The vocal prowess continues on the album’s title track, which is plain and simple White at his best. The instrumentation is pretty and soft, but you hardly notice it when the vocals are being thrown at you. David Bowie always seems to lose me in his songs with his charismatic vocals, and White is replicating that experience here.

“Hypocritical Kiss,” with its elegant piano opening, plays along nicely with its mid-tempo pace and moving structure. It feels, again, a little White Stripe-ish, but I think that’s mostly due to the drums getting a little looser with the high hats.

While most of the album has been pretty smooth and mellow, “Weep Themselves To Sleep” takes a stab at the grandiose with blasting pianos, complicated arrangement, and wildly episodic lyrics. It’s not what you expect, but I dare you to not be impressed.

Part of what I always admired about White was his penchant for off-the-wall style and swagger, and that encapsulates itself with “I’m Shakin’.” It’s a cover of Little Wille John’s blues classic, but Jack makes it his own with some interesting tempo shifts and a hint of doo-wop. It’s a bit of a head-scratcher as to why he would put a cover track on the album that has been so undeniably personal and telling, but it still works.

Need a little jukebox honky-tonk? “Trash Tongue Talker” is all that and more. Again, White embraces a genre that is a bit left-of-center for him and completely nails it with his sincerity and skill. It’s SO different from anything else I’ve ever heard from White that it impressed me even more than the rest of this album has.

Expanding even further, White dips his finger into a little bit of vaudeville with the experimental “Hip (Eponymous) Poor Boy.” The energy and upbeat vibe is obviously something Jack picked up on from fellow-Raconteur Brendan Benson, as it sounds like more of a Benson signature than White’s. A nice break from the melancholy feeling the record had been putting off until now, and it fit perfectly.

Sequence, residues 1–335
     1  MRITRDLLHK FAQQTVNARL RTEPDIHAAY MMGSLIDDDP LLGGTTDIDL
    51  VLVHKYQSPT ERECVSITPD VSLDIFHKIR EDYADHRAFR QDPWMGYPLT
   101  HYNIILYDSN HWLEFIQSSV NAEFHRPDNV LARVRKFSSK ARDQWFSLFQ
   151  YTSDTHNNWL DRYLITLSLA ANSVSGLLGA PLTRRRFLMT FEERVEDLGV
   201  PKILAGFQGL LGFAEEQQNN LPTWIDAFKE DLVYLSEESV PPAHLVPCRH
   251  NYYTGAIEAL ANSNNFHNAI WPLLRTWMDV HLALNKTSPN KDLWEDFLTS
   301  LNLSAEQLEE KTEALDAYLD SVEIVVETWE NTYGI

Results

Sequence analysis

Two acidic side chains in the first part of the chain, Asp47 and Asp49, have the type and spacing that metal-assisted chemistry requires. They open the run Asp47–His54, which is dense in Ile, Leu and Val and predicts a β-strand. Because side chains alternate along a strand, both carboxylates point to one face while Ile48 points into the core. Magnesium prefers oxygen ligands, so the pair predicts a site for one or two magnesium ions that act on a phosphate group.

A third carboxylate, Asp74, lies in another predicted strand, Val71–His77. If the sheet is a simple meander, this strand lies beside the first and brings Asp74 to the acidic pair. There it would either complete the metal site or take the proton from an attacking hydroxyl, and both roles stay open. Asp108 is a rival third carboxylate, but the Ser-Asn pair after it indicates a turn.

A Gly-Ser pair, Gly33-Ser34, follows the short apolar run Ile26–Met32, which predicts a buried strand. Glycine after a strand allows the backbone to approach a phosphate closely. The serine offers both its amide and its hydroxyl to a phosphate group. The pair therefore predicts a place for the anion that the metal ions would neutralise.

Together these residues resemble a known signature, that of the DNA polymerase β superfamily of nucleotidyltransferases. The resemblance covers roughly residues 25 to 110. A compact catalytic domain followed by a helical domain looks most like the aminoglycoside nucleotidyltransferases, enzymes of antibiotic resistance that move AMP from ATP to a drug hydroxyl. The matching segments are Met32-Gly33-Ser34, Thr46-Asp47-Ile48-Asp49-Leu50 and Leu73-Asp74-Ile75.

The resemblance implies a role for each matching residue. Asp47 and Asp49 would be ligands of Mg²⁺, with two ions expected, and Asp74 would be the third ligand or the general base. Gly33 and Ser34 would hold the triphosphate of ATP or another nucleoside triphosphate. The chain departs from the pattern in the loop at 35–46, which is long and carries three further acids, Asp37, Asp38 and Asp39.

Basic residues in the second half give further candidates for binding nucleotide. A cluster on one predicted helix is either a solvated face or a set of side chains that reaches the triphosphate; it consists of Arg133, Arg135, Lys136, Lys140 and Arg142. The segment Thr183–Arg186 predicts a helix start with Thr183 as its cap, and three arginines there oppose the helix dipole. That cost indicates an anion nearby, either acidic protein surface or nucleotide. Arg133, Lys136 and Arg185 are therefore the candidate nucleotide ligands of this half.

I’ve always loved the Irish chantey – the tales of the drunken and disorderly sung along as a folk tune – and White does his own version with “I Guess I Should Go To Sleep.” It’s bound to be a great bar-closing song, and is the anthem for the uninspired. It’s pretty simple, but the interesting vocal overlays made it one of my favorite cuts on the album.

“On and On and On” is such a potpourri of instruments and styles that it’s bound to be the critical standout of the disc. If for no other reason, it shows how White doesn’t care about precision and perfection. It’s a little messy and ethereal throughout, but that is what makes it beautiful. It moves at a snail’s pace with stirring cellos, steel guitar accents and only in the last few bars crescendos to a loud, pronounced finish.

The softer, mellow mood carries over into the album’s closer “Take Me With You When You Go,” which comes across as a jam band effort with defined parts for pianos, backing vocals, brush snares and just about any other White could get his hands on. It combines just a pinch of everything presented in the albums other tracks and blends it all together in an amazing toe-tapper. Just when you think the album is going to fade off into numbness, though, White stomps his foot down and closes the track with raucous, fuzzy guitars and rock and roll vocals like only he can provide. A fantastic closing to a fantastic ride.

For those that don’t know of White, this is safe enough to be a nice introduction. The music is accessible and brilliant. But for those of us that were waiting to get inside the skin of Jack White and find out what he’s all about, we get treated to an album that is strange, contradictory, disturbed and gorgeous, and probably the perfect window into the elusive soul he is.


01 – Missing Pieces
02 – Sixteen Saltines
03 – Freedom at 21
04 – Love Interruption
05 – Blunderbuss
06 – Hypocritical Kiss
07 – Weep Themselves to Sleep
08 – I’m Shakin’
09 – Trash Tongue Talker
10 – Hip (Eponymous) Poor Boy
11 – I Guess I Should Go to Sleep
12 – On and On and On
13 – Take Me with You When You Go

Buy at Amazon

Stream Album: iTunes | Wiki: Link